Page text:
According to a study published in the 'Journal of Neuroscience' in January, people who have lucid dreams have different brains than those who don't. Lucid dreamers have a higher volume of gray matter and activity in the part of the brain responsible for strategy, memory recall and other cognitive tasks. To read Peter Maich's account of his years of lucid dreaming is a look inside the mind of someone who apparently experiences some serious prefrontal cortex action. Some dream experts believe that this capacity can be developed and that anyone can control their dreams. Recently, there's been some positive results in sleep labs using lucid dreaming to treat anxiety. At the same time, Maich's dreams sound exhausting and intense. If you could overcome your fears through lucid dreaming, would you try to learn how?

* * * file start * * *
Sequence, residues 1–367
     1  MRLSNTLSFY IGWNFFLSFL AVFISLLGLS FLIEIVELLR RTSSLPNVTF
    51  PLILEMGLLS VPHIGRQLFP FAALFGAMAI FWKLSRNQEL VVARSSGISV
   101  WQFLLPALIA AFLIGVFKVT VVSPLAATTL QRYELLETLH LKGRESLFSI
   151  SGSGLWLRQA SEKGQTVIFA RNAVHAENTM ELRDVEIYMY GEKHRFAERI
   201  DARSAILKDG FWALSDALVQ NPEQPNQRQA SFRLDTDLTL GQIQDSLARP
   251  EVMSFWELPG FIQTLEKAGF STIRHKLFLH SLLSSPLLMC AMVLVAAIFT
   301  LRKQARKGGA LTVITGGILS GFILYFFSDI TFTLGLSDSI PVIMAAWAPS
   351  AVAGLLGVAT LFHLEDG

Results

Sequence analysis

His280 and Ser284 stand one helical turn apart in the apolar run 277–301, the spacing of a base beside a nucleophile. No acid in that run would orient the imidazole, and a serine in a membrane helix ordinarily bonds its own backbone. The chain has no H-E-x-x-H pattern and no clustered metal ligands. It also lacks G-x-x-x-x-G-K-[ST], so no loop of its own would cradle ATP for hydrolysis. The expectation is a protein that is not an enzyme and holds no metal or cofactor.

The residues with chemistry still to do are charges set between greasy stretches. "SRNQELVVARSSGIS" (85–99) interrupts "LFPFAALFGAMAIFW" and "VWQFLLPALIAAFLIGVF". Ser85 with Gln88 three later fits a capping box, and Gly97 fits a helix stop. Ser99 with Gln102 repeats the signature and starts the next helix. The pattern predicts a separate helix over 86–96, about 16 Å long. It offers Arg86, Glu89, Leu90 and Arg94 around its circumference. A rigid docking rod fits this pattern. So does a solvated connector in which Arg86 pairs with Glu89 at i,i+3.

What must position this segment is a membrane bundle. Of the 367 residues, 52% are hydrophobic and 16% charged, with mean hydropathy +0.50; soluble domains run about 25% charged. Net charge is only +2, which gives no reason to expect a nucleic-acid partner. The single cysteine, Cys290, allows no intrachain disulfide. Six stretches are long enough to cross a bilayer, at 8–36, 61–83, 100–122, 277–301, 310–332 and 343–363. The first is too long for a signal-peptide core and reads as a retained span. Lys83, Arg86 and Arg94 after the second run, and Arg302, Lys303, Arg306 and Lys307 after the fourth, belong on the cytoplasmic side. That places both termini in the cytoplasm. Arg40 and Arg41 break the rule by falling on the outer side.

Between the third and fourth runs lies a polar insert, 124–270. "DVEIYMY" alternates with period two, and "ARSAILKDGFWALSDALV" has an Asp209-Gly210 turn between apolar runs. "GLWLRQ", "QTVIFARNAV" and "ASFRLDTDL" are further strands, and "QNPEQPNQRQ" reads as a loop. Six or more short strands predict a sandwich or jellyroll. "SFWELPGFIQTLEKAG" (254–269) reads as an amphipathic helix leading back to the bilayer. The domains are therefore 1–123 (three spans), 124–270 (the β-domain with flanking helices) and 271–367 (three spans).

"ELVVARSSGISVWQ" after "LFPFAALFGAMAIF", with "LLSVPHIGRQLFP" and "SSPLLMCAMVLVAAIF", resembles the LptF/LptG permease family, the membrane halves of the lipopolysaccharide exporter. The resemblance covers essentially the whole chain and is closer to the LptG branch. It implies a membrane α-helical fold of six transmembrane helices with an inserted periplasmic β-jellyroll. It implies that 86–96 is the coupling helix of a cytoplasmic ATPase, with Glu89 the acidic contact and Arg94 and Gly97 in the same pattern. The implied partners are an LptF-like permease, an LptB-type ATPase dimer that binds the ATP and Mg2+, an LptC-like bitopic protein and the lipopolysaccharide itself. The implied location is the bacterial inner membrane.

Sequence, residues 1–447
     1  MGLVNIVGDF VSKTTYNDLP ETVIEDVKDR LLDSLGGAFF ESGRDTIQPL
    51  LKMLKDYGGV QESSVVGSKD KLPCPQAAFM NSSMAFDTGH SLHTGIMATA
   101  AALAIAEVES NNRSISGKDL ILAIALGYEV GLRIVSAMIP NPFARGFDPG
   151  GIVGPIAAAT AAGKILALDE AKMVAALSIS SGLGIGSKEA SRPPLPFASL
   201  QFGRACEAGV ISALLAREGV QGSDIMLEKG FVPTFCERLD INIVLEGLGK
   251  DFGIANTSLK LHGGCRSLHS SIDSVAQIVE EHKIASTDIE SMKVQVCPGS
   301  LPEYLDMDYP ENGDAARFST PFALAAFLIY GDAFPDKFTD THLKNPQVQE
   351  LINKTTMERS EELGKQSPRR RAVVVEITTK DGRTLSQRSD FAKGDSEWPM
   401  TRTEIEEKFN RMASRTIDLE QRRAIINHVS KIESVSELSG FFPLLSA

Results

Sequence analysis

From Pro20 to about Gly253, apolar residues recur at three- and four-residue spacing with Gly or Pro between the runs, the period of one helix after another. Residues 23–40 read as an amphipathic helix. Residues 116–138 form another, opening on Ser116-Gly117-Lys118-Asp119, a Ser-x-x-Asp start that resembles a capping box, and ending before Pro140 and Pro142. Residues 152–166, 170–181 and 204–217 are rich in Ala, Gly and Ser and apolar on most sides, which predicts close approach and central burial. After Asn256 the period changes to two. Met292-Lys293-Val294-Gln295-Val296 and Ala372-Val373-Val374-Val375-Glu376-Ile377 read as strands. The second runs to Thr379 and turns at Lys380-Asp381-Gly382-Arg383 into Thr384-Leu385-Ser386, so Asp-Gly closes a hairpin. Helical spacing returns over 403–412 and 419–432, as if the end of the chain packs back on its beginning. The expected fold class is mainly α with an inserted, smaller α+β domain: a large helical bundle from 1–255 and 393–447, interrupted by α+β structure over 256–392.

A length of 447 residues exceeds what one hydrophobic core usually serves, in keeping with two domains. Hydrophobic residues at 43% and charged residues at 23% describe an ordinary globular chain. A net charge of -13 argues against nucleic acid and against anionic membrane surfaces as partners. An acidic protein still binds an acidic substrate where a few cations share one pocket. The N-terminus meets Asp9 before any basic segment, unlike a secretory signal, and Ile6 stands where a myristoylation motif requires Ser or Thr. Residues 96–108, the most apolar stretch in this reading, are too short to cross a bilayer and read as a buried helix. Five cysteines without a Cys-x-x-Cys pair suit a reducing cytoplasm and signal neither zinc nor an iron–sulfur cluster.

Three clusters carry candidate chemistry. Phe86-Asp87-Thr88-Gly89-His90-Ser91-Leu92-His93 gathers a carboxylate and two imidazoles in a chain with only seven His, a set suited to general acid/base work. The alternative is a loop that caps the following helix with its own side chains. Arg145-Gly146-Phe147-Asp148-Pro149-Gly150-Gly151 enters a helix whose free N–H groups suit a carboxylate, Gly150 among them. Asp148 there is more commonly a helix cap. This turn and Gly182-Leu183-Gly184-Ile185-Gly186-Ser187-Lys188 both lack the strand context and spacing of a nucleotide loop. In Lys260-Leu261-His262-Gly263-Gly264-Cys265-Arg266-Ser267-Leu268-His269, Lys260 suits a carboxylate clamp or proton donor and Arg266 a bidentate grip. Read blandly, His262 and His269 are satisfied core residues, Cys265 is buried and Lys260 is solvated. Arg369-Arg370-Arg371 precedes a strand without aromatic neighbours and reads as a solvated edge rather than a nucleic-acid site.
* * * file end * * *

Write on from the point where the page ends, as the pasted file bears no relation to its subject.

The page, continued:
Learn What It's Like to Be a Lucid Dreamer
August 27, 2016